Monday, April 26, 2010

Replacing an Ugly Door with a Fire Door

This is the first house I've owned that has an attached garage. In having the garage attached, the door between the house and the garage needs to be a steel 20 minute-rated fire door for it to be code. Ours is a lovely, brown, hollow-core door with a peephole. The peephole is just weird but did make it obvious if the lights were left on in the garage. The door fit fine but had air gaps all the way around when closed. I was once doing laundry and heard this long whoosh sound and realized it was the door, exhaling our precious heated air into the cold garage. Even in the dead of winter, the garage never seemed to get much colder than 55 degrees, now I knew why. Wino solved that problem with more weather stripping than door. After that, the door needed to be slammed, not once but twice to get it to latch. Sometimes, when it's nice out, I wouldn't even bother latching it. Too much trouble, and it threatens to knock over lamps and such in the living room above it. This situation needed to be fixed and I knew we really needed to just put in a fire door but, even though I have replaced many doors, I had only installed one pre-hung door; double french doors into a new opening at the CA house. It had been a while and we didn't have to sort out someone else's messy rough-in. I wanted to make sure that having the door missing for an entire day wouldn't be a problem, like say, doing it during the winter would suck all the heat out of the house. I mentioned this to the HD door guy who said "well, installing a pre-hung door shouldn't take more than 30 minutes!". I just looked at him, smiled and nodded. He's never worked on OUR house. We bought the door a few weeks ago at Lowes, their price on the same door was about $40 cheaper than HD but they only had a few (new item for them) and only one in the right size and handing (which way the door opens) so we bought it that day. Go in for drawer glide, come out with fire door. Sounds about right. Each following weekend, there were things to do, people coming out to visit, other more pressing projects. This was not something I was willing to try by myself, if only because of the thought of trying to hold a door plumb and square, keep it from falling out the hole, then putting screws in it. Well, waiting until Wino had a few free hours seemed like a better idea.

Putting in a pre-hung door, in theory, is much easier than replacing just the door and having to fit the hinges and door to an existing finished opening. Tearing out the old door and the jambs wasn't bad, we used a recip saw and cut the nails holding the jambs in place. It was a little awkward because of how close one side is to some cabinets but it got done in short order. A little cleanup, check the plumb of the rough opening and we're ready to go. We dry fit the door first and realized the brick molding on one side had to be removed and the top corner of molding cut down because of those pesky cabinets.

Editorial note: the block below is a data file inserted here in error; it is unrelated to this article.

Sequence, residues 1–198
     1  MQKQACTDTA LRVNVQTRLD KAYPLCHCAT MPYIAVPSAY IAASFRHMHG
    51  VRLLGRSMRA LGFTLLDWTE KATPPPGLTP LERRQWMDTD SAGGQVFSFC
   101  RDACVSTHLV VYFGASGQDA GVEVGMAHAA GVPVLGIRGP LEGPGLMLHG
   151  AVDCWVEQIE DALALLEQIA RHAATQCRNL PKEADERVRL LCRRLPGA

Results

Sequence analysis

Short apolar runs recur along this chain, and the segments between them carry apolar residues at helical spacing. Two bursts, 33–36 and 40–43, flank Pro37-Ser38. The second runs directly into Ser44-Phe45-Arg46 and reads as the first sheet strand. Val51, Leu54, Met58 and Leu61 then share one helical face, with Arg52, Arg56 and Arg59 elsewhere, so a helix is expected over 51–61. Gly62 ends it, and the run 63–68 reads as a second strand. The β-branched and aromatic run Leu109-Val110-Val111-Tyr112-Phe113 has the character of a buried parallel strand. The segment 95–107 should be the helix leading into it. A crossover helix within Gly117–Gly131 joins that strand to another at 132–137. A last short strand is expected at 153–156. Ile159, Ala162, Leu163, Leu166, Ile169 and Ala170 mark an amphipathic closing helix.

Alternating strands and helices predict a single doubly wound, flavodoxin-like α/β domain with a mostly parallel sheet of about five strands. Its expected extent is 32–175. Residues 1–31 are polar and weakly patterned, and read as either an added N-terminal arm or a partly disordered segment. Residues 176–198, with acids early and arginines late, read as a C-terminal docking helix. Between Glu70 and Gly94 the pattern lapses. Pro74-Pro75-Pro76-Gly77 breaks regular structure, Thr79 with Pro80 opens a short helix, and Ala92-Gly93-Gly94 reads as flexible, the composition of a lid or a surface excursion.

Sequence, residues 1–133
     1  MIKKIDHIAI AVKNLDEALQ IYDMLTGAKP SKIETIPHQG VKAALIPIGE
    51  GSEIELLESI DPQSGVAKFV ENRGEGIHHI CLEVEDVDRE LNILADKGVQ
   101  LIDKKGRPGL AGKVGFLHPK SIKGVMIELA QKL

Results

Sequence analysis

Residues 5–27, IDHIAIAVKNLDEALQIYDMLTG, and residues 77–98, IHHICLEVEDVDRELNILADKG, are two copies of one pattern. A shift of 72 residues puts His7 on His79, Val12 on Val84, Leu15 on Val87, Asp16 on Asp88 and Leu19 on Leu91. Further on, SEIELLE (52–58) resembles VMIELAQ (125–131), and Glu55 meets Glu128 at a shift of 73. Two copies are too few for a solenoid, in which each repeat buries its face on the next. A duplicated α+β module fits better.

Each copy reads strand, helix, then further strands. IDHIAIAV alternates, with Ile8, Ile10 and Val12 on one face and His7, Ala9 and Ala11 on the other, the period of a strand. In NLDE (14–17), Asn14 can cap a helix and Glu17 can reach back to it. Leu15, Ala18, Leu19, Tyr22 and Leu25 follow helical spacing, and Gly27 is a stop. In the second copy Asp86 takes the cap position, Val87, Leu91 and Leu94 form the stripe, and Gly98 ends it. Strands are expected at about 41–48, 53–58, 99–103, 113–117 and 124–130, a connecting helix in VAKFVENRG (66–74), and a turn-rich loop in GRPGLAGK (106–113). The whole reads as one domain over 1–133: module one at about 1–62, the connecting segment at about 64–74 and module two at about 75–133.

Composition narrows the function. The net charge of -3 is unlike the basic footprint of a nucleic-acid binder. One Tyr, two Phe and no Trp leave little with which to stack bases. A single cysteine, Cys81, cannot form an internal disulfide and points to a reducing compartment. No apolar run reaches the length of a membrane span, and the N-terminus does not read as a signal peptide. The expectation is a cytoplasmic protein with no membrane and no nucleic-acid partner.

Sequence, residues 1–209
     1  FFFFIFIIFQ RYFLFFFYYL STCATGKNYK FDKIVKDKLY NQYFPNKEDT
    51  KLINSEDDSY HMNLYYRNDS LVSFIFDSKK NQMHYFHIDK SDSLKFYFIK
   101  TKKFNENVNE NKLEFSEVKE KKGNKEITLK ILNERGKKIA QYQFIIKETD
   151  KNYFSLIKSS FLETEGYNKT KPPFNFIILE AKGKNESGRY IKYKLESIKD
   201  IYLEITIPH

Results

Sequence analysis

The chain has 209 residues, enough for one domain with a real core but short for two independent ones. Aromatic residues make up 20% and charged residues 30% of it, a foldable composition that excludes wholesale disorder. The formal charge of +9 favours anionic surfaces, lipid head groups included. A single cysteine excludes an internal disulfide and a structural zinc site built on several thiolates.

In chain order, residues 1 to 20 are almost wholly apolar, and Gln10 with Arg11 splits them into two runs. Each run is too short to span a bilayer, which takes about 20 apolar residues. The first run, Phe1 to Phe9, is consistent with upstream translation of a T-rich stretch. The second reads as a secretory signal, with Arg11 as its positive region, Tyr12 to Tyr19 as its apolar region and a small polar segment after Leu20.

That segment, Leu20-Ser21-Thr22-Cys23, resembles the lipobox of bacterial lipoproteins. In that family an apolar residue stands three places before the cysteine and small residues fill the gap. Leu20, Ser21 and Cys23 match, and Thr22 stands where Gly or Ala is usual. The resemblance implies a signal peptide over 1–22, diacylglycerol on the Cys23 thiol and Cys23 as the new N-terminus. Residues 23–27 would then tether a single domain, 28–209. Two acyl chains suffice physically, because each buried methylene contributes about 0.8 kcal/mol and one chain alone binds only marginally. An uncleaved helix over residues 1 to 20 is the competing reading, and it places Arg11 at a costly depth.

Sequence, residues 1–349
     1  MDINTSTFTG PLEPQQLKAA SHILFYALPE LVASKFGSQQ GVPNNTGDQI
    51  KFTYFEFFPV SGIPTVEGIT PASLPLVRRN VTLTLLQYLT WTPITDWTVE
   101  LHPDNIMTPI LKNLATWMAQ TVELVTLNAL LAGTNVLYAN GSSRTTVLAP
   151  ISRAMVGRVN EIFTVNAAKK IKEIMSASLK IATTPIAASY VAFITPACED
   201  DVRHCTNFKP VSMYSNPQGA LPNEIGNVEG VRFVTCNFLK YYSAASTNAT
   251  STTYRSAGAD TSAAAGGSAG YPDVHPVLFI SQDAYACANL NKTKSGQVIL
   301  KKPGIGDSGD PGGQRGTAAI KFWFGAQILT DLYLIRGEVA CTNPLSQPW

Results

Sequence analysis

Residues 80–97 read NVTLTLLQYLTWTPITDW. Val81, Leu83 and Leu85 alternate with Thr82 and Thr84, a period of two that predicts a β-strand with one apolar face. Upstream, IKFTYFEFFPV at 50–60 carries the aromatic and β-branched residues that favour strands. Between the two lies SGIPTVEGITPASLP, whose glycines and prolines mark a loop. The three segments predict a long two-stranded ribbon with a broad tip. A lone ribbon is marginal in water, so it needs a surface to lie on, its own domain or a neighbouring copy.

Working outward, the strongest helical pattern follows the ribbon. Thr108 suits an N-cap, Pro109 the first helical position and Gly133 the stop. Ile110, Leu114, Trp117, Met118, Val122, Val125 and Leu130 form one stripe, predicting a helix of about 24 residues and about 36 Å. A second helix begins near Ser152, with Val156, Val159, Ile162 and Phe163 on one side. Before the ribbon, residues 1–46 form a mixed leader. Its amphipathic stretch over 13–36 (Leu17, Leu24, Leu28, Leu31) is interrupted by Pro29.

The molding on the outside basically lets you just push the door all the way in, then you can open the door, plumb and level the sides, shim and put in the screws. If the molding is missing on the hinge side, like in our luck, when you open the door to get the jambs to level and plumb, the weight of the open door slowly tweaks out the bottom, the top tweaks in and twists the whole thing. Especially if you aren't paying attention to it because you're trying to make the other jamb perfect. Aaargh! Ok, lets install the hinge side first. Smart. That side's in and I get the little level to check the threshold because the other side wasn't behaving and -what? Is there supposed to be cardboard under it? Crap! Out comes the door, we apparently missed the stealthily placed cardboard that protects the underside of the threshold. Ugh. I had put silicone all along the threshold so it was a gooey mess. No wonder it was off, there were staples sticking out on one side. So we clean up that mess but before we can put the door back in, Wino decides we need proper shims. We were using scraps of wood which admittedly were not the easiest thing to use but he says shims would make everything easier. Oh, is that what would make the install easier? Goodie! So off he goes to Ace for shims and I decide it's time for lunch. Being that it was 10 minutes to 5 on a Sunday evening- crap! late lunch- the Ace was closed and so were the other stores he tried, not willing to drive to Lowes or HD just for shims. So after wasting about an hour looking for shims, Wino came home and made shims himself with wood scraps and the chop saw. There comes a time in all projects where I've learned to just nod my head and move forward. Following the directions that came with the door, we trued up the hinge side and put "temporary" screws in to hold the whole thing together and I left to walk the dogs. Wino finished the screws on the other side, and when I returned, I stuffed some insulation into the gap overhead, hastily installed the deadbolt and latch and called it a night.

The next day was spent re-installing the trim around the door, which oddly did not just go back up. Two tubes of caulk later and I felt the door was relatively weatherproof. Well, until I shut the door standing on the outside with the light on inside. Major gaps from the latch up to half way overhead. It took some adjusting of the strike plate for the latch but it now closes tightly with no gaps, but you still have to pull it shut a bit. It still needs the nail and screw holes patched and the trim and door painted- the door comes primed in grey. All that is a project for another day when I'm avoiding a different project and I can leave the door open for at least several hours.

1 comment:

  1. I've just installed iStripper, and now I enjoy having the hottest virtual strippers on my taskbar.